When Pakistan’s Federally Administered Tribal Areas were officially merged into Khyber Pakhtunkhwa Province in May 2018, the five million residents of the former tribal areas acquired the same constitutional rights and protections—including access to a formal judicial system—as Pakistan’s other citizens. This report, based on field research carried out by the authors, explores the status of the formal justice system’s expansion, finding both positive trends and severe administrative and capacity challenges, and offers recommendations to address these issues.
- The inability to access formal justice has long been a driver of conflict in Pakistan’s tribal communities. The merger of the former Federally Administered Tribal Areas into Pakistan’s formal judicial system in 2018–19 has the potential to promote both justice and peace.
- Recent research suggests that the reform process in what are now known as the Newly Merged Districts (NMDs) of Khyber Pakhtunkhwa Province has created challenges in terms of the capacity of various justice sector institutions.
- Even though informal jirgas have been declared unconstitutional by the Supreme Court, they remain an integral (but informal) part of the justice system, providing speedy justice that resonates with local values.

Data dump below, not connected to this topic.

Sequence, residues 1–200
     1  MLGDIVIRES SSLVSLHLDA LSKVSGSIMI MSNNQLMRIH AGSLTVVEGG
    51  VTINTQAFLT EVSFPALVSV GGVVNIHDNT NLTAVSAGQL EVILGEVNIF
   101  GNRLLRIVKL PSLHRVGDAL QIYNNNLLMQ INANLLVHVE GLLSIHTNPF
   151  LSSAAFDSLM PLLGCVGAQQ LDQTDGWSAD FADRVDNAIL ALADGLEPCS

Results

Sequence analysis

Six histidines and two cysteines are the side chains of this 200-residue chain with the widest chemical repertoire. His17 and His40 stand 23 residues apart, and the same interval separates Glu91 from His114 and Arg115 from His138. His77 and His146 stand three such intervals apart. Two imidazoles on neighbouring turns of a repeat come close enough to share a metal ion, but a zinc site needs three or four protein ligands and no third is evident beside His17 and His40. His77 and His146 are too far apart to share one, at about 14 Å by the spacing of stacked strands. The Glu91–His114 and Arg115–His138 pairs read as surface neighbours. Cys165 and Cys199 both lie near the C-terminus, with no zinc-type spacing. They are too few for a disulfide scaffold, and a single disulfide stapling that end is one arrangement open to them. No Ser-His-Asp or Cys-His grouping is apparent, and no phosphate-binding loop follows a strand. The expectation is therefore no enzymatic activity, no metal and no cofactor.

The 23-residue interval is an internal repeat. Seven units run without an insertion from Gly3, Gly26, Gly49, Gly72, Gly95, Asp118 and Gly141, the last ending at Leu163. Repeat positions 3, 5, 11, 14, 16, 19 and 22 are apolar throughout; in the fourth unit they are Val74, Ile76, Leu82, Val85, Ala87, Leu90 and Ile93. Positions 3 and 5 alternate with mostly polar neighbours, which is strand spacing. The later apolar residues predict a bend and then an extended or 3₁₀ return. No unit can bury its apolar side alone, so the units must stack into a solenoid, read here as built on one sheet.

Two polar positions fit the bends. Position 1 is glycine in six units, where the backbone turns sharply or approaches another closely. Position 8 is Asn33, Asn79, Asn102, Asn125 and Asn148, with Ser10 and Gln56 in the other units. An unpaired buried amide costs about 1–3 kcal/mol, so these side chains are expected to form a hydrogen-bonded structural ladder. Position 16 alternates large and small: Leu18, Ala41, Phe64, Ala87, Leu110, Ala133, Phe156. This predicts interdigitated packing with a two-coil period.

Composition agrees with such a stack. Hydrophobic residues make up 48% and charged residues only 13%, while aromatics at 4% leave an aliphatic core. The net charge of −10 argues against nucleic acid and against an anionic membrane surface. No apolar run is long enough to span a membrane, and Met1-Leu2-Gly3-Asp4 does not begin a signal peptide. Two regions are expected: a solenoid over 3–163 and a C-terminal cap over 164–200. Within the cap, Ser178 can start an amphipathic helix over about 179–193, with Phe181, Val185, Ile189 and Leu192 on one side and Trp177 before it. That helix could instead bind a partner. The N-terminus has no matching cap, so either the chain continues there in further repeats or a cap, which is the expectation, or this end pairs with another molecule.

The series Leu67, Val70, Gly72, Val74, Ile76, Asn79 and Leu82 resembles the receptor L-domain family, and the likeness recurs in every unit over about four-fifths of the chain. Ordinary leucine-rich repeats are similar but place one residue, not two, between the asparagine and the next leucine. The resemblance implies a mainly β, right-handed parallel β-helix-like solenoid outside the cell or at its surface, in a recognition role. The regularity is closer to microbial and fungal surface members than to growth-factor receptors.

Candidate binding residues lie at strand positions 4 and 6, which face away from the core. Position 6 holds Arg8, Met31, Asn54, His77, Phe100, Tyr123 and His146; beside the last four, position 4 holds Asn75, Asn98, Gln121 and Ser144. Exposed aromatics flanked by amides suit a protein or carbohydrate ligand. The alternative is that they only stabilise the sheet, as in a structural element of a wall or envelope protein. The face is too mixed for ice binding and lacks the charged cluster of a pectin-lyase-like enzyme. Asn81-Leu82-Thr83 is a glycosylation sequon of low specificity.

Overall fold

- However, case files from courts established in the NMDs indicate that most litigants now enjoy much greater protection of their rights and civil liberties.
- Women’s access to justice has increased dramatically, but sizable investment is needed to make legal institutions more gender sensitive.
- The population of the NMDs needs greater information about, awareness of, and access to the formal justice system, and access to legal aid and counsel needs to be improved.
About the Report
This report assesses the provision of constitutional guarantees and protections related to the formal criminal justice system in Pakistan’s former Federally Administered Tribal Areas. Commissioned by the South Asia program at the United States Institute of Peace, the report is based on an analysis of case files from the districts of Khyber and Mohmand, supplemented by surveys of and interviews and focus groups with litigants, lawyers, and government stakeholders.
About the Authors
Barrister Umar Mahmood Khan is director for law and policy at the Lahore-based research organization Musawi. He has worked with the Justice Sector Support Program in Khyber Pakhtunkhwa since 2017. Rana Hamza Ijaz, a public policy and governance expert, is director of research at Musawi. Sevim Saadat is director of programs at Musawi and also serves as clinical professor for the Human Rights Clinic at the Centre for Human Rights at University College Lahore.